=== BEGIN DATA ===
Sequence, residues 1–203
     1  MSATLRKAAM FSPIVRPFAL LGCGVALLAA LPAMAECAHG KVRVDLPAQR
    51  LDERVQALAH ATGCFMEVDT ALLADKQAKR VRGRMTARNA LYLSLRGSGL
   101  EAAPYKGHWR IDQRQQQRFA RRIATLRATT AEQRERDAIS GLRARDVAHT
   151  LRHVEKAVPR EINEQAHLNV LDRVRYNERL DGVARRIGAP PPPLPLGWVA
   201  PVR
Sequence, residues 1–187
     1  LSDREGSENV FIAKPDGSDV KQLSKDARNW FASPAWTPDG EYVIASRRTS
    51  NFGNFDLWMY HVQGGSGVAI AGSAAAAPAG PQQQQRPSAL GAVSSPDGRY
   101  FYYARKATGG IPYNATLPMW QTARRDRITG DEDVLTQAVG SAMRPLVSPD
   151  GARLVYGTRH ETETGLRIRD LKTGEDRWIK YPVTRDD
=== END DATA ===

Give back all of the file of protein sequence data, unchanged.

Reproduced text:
Sequence, residues 1–203
     1  MSATLRKAAM FSPIVRPFAL LGCGVALLAA LPAMAECAHG KVRVDLPAQR
    51  LDERVQALAH ATGCFMEVDT ALLADKQAKR VRGRMTARNA LYLSLRGSGL
   101  EAAPYKGHWR IDQRQQQRFA RRIATLRATT AEQRERDAIS GLRARDVAHT
   151  LRHVEKAVPR EINEQAHLNV LDRVRYNERL DGVARRIGAP PPPLPLGWVA
   201  PVR
Sequence, residues 1–187
     1  LSDREGSENV FIAKPDGSDV KQLSKDARNW FASPAWTPDG EYVIASRRTS
    51  NFGNFDLWMY HVQGGSGVAI AGSAAAAPAG PQQQQRPSAL GAVSSPDGRY
   101  FYYARKATGG IPYNATLPMW QTARRDRITG DEDVLTQAVG SAMRPLVSPD
   151  GARLVYGTRH ETETGLRIRD LKTGEDRWIK YPVTRDD